At the movies, January's North American box-office total of $893 million, according to Rentrak, was the highest since 2010, though it's hard to distinguish between the weather's impact and films' popularity.
If you don't mind the elements, it's been a relatively good time to grab a gourmet dog at Hot Doug's, where lines otherwise often stretch down the sidewalk. Owner Doug Sohn said the Monday and Tuesday business last week turned out to be "way better than I thought," though the ever-present line "was never out the door." But when freezing rain joined the mix for a couple of Fridays, Sohn said, that usually robust day took more of a hit. "I wouldn't have left my house either," he said.
January and February tend to be the toughest months for restaurants anyway — there's a reason Restaurant Week and its discounted menus arrive in the dead of winter — and Hot Doug's is far from the only popular destination feeling particular pain this season.
"Most of the people I talk to in the business, especially in fine dining, business has been down," said Michael Kornick, chef/owner of mk restaurant and County Barbeque. "You have to account in your budget for some snow days, but there's been probably twice as many bad snow and cold days than usual. At mk, we have a lot of affluent customers, and a lot of them have chosen Palm Springs (Calif.) or Florida for a good portion of the winter."
On Jan. 21, Frontera/Topolobampo Grill chef Rick Bayless tweeted: "What happened to my fellow Chicagoans? Half our resos cancelled for tonight ... Because it's cold outside?!?! Um, we live in Chicago, folks."
Frontera/Topolobampo managing partner Carlos Alferez said business has been down slightly, though the second brutally cold spell deterred fewer customers than the first. "People are getting used to this weather, and now they're braving it no matter what," he said.
Iliana Regan, chef/owner of Elizabeth restaurant in Lincoln Square, recently took to her email database to offer a cold-weather deal to plug some holes on her calendar: $65 for a weeknight seating that would usually cost $100 or more. Twelve hours after she offered the deal, Regan said 90 percent of those seats were sold.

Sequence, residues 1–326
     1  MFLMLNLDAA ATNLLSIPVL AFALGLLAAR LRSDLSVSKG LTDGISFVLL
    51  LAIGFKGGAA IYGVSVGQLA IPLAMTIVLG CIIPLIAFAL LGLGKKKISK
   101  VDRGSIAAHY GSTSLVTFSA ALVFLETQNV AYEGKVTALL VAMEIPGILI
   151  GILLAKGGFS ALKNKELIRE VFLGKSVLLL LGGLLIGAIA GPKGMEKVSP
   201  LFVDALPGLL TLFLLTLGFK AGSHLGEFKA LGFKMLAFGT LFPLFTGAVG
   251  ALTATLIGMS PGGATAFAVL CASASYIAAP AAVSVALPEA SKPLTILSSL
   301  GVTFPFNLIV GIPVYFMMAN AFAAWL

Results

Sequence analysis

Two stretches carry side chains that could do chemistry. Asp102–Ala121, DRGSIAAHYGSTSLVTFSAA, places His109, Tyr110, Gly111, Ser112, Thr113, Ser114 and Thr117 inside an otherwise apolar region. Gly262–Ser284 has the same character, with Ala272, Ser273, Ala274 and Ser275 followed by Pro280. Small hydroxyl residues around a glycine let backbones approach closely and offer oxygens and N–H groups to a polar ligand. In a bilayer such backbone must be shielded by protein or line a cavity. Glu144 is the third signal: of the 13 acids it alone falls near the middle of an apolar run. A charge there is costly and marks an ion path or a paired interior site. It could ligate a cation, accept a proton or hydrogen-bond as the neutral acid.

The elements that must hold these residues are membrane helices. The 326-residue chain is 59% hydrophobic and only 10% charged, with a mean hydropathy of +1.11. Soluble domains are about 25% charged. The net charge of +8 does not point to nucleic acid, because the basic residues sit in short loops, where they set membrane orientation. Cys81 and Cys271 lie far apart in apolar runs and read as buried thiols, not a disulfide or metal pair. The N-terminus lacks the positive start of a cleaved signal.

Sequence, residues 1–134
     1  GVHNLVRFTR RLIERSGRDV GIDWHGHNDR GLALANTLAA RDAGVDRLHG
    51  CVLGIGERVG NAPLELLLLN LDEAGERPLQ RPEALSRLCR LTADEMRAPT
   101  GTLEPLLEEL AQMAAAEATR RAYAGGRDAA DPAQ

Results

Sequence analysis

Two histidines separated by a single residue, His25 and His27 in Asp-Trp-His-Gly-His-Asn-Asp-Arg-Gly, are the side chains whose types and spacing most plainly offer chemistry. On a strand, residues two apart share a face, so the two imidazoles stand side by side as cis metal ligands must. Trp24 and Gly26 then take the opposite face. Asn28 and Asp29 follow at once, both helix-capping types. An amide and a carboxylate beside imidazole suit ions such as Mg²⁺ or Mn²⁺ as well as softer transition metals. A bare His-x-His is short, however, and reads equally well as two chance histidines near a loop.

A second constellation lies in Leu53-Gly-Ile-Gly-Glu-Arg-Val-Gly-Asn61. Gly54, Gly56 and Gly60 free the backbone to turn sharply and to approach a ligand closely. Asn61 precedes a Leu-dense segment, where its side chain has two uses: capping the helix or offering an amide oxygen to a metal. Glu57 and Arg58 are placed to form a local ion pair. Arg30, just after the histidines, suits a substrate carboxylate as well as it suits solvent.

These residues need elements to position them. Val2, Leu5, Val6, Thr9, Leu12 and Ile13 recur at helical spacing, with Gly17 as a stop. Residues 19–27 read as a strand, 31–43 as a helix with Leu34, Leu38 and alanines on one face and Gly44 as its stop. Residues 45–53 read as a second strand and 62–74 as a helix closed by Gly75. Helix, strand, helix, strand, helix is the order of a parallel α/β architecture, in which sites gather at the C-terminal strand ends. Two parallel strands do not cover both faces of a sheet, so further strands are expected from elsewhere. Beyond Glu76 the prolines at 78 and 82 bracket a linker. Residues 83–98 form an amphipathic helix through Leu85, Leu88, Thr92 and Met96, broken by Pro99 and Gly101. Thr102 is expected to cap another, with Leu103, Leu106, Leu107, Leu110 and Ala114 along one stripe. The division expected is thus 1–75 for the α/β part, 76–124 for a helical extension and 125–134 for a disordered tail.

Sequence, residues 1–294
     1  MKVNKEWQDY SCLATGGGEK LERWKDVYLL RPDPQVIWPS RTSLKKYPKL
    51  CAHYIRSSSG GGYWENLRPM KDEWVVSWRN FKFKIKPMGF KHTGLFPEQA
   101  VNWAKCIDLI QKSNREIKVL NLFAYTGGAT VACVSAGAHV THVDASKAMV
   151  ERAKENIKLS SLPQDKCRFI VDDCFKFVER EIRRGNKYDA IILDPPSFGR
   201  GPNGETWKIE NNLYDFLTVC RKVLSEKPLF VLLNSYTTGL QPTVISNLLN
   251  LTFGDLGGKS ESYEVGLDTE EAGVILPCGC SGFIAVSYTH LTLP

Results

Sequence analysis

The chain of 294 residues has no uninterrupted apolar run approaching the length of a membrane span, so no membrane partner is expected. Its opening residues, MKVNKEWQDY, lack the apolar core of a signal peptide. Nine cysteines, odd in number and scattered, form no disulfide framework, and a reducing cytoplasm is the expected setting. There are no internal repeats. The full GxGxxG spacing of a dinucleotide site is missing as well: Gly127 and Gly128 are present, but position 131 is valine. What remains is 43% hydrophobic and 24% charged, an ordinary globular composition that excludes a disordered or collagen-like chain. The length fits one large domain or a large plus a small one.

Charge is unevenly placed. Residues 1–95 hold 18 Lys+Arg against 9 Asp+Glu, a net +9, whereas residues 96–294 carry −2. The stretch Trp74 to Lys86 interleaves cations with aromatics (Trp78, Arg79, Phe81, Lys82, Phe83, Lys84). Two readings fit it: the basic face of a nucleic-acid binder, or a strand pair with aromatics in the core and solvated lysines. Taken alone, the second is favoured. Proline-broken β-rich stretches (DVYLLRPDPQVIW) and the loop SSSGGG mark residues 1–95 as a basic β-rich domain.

"I'd rather fill the seats even if we're probably breaking even at that price," she said. "There's just a better energy with a full room."
The Shedd Aquarium and many other Chicago museums and institutions closed during January's two Monday-Tuesday bitter cold snaps, but Brookfield Zoo, which has outdoor and indoor display areas, decided to stay open during the second subzero spell.
Joe Couceiro, the zoo's vice president of marketing and communications, said snow added to that first cold stretch's hazard factor, but the Jan. 27-28 temperature plunge came under sunnier, less treacherous conditions. Plus, many employees had to care for the animals anyway, such as the folks hand-rearing a 3-month-old dolphin who required 24/7 attention.
So the zoo drew 50 visitors that Monday and 48 Tuesday, compared with 353 and 389 employees on duty, respectively.
"If 48 folks showed up, we made a difference in 48 lives that day," Couceiro said. "We'd rather stay open and provide an opportunity for guests to get out of the house and do other things than stare at four walls."
The bigger picture shows that Brookfield Zoo drew 10,218 guests during January's first 29 days, compared with 26,610 last year.
But, hey, spring gets closer day by day, with Thursday's temperatures predicted to reach … um … 7 degrees, with a low of minus 6 … and more snow expected Saturday.
Tribune reporters Kevin Pang, Steve Johnson and Luis Gomez contributed.